The Bagley Language Benchmarks

bench
Doug Bagley has done programmers a great service
by developing and displaying in very readable format a series of 25 benchmark tests of at least 40 languages. This should be taken like the TPC set of benchmarks – not absolutely unequivocal about performance; but clearly indicative of relative performances.

Programming language benchmarking is very difficult today, especially given the changing nature of computing with n-tier, network-latency type of applications. Nor do benchmarks capture a precise crossection of desktop computing activities (file io, many device response time dependencies, nature of the “typical” load, etc) even when network traffic and its delays/latencies are eliminated. But despite these provisos, the Bagleys do give a good indication of how well the various programming languages are geared to run the numbers, characters, bits and bytes.

Three Speed Tiers

What emerges from examining the Bagley Benchmarks is that programming languages are breaking out into 3 speed tiers for raw computing power:
1)compiled to native code languages are in the fastest tier.
The best and fastest appear to be: Intel C, Gcc C, Intel C++ but also GNAT Ada 95 and OCaml
2)byte code engines in a second tier averaging 7-12 times slower than the first tier.
The best of the second tier are in order: Java, Mono C#, Python among others
3)Interpreters in a third tier averaging averaging 100-200 times slower than the first tier.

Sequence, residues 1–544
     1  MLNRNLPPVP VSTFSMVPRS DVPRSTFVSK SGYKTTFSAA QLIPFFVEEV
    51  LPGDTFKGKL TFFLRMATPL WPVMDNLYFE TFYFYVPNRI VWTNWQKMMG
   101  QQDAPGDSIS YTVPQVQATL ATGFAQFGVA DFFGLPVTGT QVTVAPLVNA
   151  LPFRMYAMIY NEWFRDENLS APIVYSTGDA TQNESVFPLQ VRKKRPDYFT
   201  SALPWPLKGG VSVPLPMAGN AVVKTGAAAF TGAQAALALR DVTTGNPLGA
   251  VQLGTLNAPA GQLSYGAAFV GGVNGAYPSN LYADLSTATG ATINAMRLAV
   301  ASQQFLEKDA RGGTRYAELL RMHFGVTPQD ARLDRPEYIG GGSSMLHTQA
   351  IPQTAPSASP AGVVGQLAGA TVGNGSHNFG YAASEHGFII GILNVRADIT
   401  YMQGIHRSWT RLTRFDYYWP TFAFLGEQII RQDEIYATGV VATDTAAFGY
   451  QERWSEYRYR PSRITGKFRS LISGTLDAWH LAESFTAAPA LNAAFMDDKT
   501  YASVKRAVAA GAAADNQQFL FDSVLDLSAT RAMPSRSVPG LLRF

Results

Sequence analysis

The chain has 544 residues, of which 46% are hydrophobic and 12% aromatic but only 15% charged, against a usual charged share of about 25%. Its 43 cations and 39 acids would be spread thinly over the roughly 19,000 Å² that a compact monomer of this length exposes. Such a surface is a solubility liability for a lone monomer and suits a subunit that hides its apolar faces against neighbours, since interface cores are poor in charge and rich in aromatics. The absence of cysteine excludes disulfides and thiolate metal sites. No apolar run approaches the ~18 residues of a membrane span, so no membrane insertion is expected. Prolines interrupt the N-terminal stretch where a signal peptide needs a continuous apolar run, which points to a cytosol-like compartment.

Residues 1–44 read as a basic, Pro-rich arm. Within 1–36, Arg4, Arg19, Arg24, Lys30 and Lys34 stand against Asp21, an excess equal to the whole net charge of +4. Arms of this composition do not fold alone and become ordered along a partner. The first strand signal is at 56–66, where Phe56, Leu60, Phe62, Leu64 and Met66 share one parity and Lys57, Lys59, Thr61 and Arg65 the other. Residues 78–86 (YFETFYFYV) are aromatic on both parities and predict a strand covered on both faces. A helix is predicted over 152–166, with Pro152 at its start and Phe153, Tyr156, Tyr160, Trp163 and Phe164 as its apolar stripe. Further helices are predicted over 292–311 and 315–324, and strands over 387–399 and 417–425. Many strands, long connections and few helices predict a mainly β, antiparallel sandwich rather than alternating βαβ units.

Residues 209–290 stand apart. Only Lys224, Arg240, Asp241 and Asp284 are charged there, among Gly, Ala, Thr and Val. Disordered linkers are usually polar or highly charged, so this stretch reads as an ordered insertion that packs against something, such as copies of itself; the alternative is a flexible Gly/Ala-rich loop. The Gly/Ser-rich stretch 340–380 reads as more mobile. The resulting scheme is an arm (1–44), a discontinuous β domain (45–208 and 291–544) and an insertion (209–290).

the best of the third tier are in order: Ruby, JavaScript, PHP, Rexx among athers
Now again cautions are due as these tests are run on Linux only and on one machine. However, the results are indicative of where there might be difficulties in the performance of applications – or conversely where switching to a new language may get performance gains.

Other Guidelines

What makes the results even more helpful are measures on memory usage and lines of code required to implement the different programs. Again we are using these results only as guidelines or risk/opportunity indicators. But it is surely helpful to know that Java requires about 20 times the memory of C. Yes, this is the byte code engine overhead – but remember to factor that in. Fr Linux developers this source is just a gold mine of information. But in general, for x86 developers (and Intel +AMD know full well there a lot of those on the desktp and for servers) these are helpful results.

Congratulations are due to Doug for a tour de force display of data.

(c)JBSurveyer 2005